ethnographic research helps him to collect some data, which he bases on to argue that 40 Latino and Black teenage boys featured in his study are subjected to a group of social control, which he refers to as the “youth control complex.” In his conclusion in the book, “Punished: Policing the Lives of Black and Latino Boys” he looks at the idea to account for the varied realisms in which the teenagers become criminalized. He suggests that the institutions responsible for doing this are the school, the family, the police, inconvenience stores, and the parole officers (Rios 60). Further, he explores how community institutions and criminal justice organizations have developed into punitively “coupled” by illustrating how the youth control complex can criminalize Latino and Black youths using daily and maybe well-intentioned punishment acts. However, the boys enact agency in an unavoidably disciplinary context through practices like hypermasculinity, “going dump,” political resistance, and cultural straddling. Even though the author stresses on the youth control complex to act as a self-reinforcing entrap that channel the youth to the ultimate destination of prison, he matches this bleak with tangible solutions.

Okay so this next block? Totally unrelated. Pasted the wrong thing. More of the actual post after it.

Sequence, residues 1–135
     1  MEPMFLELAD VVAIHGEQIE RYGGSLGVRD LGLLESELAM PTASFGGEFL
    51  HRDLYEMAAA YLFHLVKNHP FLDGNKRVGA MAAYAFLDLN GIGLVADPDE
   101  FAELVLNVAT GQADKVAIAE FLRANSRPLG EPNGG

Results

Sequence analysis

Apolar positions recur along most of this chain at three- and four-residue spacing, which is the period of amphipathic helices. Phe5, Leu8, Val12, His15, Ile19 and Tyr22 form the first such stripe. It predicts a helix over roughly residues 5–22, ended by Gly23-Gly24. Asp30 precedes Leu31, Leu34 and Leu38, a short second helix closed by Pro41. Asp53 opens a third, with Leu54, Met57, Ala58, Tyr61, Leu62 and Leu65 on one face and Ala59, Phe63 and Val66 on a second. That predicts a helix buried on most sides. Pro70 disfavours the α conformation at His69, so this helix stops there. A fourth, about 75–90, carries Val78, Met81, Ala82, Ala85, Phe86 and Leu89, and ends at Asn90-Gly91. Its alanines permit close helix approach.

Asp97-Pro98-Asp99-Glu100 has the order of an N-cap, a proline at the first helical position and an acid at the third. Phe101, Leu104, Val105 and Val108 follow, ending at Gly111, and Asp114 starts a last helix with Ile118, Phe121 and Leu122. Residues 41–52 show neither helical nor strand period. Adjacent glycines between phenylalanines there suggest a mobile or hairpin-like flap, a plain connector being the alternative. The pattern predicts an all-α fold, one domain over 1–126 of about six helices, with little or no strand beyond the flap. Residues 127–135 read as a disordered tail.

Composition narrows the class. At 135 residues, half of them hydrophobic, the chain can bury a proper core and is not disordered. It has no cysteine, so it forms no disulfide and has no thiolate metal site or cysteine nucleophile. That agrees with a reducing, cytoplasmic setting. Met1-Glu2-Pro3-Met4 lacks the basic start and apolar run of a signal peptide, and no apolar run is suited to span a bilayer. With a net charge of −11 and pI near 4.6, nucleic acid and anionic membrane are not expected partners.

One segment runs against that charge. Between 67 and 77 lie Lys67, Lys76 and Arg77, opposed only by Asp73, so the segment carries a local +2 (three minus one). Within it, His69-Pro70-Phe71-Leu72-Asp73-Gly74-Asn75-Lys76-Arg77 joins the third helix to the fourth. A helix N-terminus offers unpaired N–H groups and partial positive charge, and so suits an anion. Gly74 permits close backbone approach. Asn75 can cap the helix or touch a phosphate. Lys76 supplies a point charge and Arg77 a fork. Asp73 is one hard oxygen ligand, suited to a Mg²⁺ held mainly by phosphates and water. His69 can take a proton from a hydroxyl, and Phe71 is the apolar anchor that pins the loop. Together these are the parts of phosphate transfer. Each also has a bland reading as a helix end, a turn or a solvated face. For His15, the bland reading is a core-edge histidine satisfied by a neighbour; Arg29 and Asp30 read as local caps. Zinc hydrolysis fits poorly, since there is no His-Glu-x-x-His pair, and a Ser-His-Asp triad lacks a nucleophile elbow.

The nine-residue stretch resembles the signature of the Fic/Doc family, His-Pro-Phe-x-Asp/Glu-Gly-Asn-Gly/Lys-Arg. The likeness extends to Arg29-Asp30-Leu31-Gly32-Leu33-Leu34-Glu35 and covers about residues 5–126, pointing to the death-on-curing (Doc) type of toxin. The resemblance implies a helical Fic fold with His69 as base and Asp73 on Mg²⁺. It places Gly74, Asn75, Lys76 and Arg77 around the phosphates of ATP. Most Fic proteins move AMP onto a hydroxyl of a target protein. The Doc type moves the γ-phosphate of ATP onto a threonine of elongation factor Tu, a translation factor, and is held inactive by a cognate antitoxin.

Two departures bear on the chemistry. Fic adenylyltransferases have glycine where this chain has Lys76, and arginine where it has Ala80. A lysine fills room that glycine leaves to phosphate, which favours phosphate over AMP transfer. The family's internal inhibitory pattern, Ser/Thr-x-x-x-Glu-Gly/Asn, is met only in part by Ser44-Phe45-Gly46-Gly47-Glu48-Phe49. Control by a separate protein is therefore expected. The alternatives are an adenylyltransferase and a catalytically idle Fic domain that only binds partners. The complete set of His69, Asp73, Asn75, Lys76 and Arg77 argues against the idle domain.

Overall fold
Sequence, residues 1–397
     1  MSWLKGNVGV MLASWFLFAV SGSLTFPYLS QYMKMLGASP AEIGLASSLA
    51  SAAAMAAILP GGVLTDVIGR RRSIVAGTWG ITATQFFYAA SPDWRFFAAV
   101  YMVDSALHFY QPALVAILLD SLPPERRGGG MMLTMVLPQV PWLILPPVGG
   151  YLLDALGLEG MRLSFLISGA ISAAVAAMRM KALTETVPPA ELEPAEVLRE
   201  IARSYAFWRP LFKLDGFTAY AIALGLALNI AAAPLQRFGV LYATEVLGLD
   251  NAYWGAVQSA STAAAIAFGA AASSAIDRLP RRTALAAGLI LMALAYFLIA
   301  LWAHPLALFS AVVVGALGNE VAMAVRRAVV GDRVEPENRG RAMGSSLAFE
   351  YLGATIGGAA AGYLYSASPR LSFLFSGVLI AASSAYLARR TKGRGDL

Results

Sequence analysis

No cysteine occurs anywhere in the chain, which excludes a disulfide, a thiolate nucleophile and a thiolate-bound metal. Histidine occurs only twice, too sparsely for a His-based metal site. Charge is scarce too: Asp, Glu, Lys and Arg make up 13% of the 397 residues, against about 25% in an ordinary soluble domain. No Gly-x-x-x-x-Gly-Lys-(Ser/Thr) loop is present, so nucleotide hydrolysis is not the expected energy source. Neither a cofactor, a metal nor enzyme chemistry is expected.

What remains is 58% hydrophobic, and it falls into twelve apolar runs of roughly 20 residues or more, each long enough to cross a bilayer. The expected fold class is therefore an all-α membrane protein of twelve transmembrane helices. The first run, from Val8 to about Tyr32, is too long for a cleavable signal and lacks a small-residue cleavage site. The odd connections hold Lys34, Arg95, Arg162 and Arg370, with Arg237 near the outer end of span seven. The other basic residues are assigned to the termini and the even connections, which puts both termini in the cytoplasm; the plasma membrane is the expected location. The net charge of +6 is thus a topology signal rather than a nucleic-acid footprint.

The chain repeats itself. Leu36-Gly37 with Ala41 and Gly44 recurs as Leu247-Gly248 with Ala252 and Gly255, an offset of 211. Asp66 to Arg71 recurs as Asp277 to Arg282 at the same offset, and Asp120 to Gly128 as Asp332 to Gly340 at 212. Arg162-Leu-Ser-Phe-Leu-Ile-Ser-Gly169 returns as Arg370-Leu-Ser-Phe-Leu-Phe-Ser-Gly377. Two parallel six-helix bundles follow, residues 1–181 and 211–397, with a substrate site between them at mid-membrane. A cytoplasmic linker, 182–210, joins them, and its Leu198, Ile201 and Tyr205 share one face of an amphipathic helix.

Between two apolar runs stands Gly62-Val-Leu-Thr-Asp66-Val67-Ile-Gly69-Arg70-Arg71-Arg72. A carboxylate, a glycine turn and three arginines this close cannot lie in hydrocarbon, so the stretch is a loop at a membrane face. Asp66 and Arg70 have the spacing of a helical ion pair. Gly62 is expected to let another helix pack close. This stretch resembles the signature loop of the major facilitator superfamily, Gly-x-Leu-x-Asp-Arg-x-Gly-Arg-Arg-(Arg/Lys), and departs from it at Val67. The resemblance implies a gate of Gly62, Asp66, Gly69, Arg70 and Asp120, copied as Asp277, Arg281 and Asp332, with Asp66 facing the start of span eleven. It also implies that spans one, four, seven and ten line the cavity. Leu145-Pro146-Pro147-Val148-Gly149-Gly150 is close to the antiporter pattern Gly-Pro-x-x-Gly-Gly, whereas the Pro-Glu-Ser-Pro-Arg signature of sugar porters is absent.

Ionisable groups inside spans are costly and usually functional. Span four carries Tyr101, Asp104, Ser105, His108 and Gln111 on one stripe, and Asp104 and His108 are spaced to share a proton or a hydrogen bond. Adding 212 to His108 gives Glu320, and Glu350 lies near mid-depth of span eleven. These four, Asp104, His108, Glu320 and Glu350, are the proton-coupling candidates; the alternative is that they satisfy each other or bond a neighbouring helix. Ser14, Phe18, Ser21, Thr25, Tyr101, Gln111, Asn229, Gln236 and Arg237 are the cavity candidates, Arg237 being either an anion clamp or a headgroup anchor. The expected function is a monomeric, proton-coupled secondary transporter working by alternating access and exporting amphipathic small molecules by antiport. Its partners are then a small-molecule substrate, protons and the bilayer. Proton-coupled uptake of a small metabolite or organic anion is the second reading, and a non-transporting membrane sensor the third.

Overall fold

Rios tries to illustrate how culture of control works. His study of the 40 Oakland teenagers of color shows how this group found the way in the terrain of poverty in a crime-governed city (Venkatesh 45). The author, who himself was part of the Oakland group scene prior to pursuing his Doctorate in the UC Berkley, has some an unparalleled insights on how the rationale of crime control pervade the institutions in Oakland city, on a daily basis. From this, he shapes the aspirations and the identities of youths of color.
In addressing the “youth support complex” issue, he shows the most powerful insights by taking a reader through how routine verbal as well as physical harassment by the police on the teenagers of color make the youths live that